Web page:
5. Cooper AB, Thornley KS, Young GB, Slutsky AS, Stewart TE, Hanly PJ. Sleep in critically ill patients requiring mechanical ventilation. Chest. (2000) 117:809–18. doi: 10.1378/chest.117.3.809

PubMed Abstract | CrossRef Full Text | Google Scholar

6. Weinhouse GL, Schwab RJ, Watson PL, Patil N, Vaccaro B, Pandharipande P, et al. Bench-to-bedside review: delirium in ICU patients-importance of sleep deprivation. Crit Care. (2009) 13:234. doi: 10.1186/cc8131

PubMed Abstract | CrossRef Full Text | Google Scholar

7. Kudchadkar SR, Aljohani OA, Punjabi NM. Sleep of critically ill children in the pediatric intensive care unit: a systematic review. Sleep Med Rev. (2014) 18:103–10. doi: 10.1016/j.smrv.2013.02.002

PubMed Abstract | CrossRef Full Text | Google Scholar

8. Patel J, Baldwin J, Bunting P, Laha S. The effect of a multicomponent multidisciplinary bundle of interventions on sleep and delirium in medical and surgical intensive care patients. Anaesthesia. (2014) 69:540–9. doi: 10.1111/anae.12638

PubMed Abstract | CrossRef Full Text | Google Scholar

9. Traube C, Silver G, Gerber LM, Kaur S, Mauer EA, Kerson A, et al. Delirium and mortality in critically ill children: epidemiology and outcomes of pediatric delirium. Crit Care Med. (2017) 45:891–8. doi: 10.1097/CCM.0000000000002324

PubMed Abstract | CrossRef Full Text | Google Scholar

10. Dervan LA, Di Gennaro JL, Farris RWD, Watson RS. Delirium in a tertiary PICU: risk factors and outcomes. Pediatr Crit Care Med. (2020) 21:21–32. doi: 10.1097/PCC.0000000000002126

PubMed Abstract | CrossRef Full Text | Google Scholar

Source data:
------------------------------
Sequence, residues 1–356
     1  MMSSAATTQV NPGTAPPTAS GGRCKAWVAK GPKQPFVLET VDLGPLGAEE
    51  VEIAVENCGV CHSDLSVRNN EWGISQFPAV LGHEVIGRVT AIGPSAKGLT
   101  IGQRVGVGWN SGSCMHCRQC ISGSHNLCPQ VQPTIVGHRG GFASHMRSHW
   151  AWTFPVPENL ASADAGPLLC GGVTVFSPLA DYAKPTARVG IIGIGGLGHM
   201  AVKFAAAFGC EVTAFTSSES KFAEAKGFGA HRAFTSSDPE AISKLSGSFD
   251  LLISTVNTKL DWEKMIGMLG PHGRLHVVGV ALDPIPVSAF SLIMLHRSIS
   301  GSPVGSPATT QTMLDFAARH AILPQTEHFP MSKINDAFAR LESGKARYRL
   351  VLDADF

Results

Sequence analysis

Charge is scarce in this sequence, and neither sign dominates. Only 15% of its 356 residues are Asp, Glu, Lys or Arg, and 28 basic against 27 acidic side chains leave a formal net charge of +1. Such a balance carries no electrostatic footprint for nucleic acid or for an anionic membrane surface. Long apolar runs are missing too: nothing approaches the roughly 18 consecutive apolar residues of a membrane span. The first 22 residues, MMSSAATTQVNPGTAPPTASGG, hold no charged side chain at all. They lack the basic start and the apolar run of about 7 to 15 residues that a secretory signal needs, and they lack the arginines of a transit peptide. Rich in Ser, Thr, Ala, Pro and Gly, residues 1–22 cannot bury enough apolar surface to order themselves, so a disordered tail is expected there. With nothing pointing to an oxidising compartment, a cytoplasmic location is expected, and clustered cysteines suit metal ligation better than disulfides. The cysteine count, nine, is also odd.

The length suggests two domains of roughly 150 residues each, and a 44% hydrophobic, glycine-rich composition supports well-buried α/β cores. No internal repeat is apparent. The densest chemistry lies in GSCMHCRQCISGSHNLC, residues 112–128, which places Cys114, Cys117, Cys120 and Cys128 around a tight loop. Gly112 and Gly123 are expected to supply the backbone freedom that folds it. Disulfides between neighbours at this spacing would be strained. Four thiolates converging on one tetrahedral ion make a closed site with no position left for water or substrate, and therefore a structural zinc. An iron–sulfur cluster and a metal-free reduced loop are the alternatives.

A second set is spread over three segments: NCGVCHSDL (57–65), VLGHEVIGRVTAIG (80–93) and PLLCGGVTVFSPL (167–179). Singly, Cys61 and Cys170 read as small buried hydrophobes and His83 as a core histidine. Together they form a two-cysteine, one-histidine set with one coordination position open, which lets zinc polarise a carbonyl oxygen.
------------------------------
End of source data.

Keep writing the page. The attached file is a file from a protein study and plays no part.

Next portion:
11. Berglund B, Lindvall T, Schwela DH, World Health Organization. Occupational and Environmental Health Team. Guidelines for community noise. London: World Health Organization (1999). Available online at: https://apps.who.int/iris/handle/10665/66217

Google Scholar

12. Meyer TJ, Eveloff SE, Bauer MS, Schwartz WA, Hill NS, Millman RP. Adverse environmental conditions in the respiratory and medical ICU settings. Chest. (1994) 105:1211–6. doi: 10.1378/chest.105.4.1211

PubMed Abstract | CrossRef Full Text | Google Scholar

13. Busch-Vishniac IJ, West JE, Barnhill C, Hunter T, Orellana D, Chivukula R. Noise levels in Johns Hopkins hospital. J Acoust Soc Am. (2005) 118:3629–45. doi: 10.1121/1.2118327

PubMed Abstract | CrossRef Full Text | Google Scholar

14. Garcia Guerra G, Joffe AR, Sheppard C, Pugh J, Moez EK, Dinu IA, et al. Prospective cohort study on noise levels in a pediatric cardiac intensive care unit. J Crit Care. (2018) 44:318–22. doi: 10.1016/j.jcrc.2017.12.008

PubMed Abstract | CrossRef Full Text | Google Scholar

15. Hu R, Hegadoren KM, Wang X, Jiang X. An investigation of light and sound levels on intensive care units in China. Aust Crit Care. (2016) 29:62–7. doi: 10.1016/j.aucc.2015.08.001

PubMed Abstract | CrossRef Full Text | Google Scholar

16. Fife D, Rappaport E. Noise and hospital stay. Am J Public Health. (1976) 66:680–1. doi: 10.2105/AJPH.66.7.680

PubMed Abstract | CrossRef Full Text | Google Scholar

17. Topf M, Bookman M, Arand D. Effects of critical care unit noise on the subjective quality of sleep. J Adv Nurs. (1996) 24:545–51. doi: 10.1046/j.1365-2648.1996.22315.x

PubMed Abstract | CrossRef Full Text | Google Scholar

18. Novaes MA, Aronovich A, Ferraz MB, Knobel E. Stressors in ICU: patients' evaluation. Intensive Care Med. (1997) 23:1282–5. doi: 10.1007/s001340050500

PubMed Abstract | CrossRef Full Text | Google Scholar

19. Durrington HJ, Clark R, Greer R, Martial FP, Blaikley J, Dark P, et al. ‘In a dark place, we find ourselves’: light intensity in critical care units. Intensive Care Med Exp. (2017) 5:9. doi: 10.1186/s40635-017-0122-9

PubMed Abstract | CrossRef Full Text | Google Scholar

20. Rivosecchi RM, Kane-Gill SL, Svec S, Campbell S, Smithburger PL. The implementation of a non-pharmacologic protocol to prevent intensive care delirium. J Crit Care. (2016) 31:206–11. doi: 10.1016/j.jcrc.2015.09.031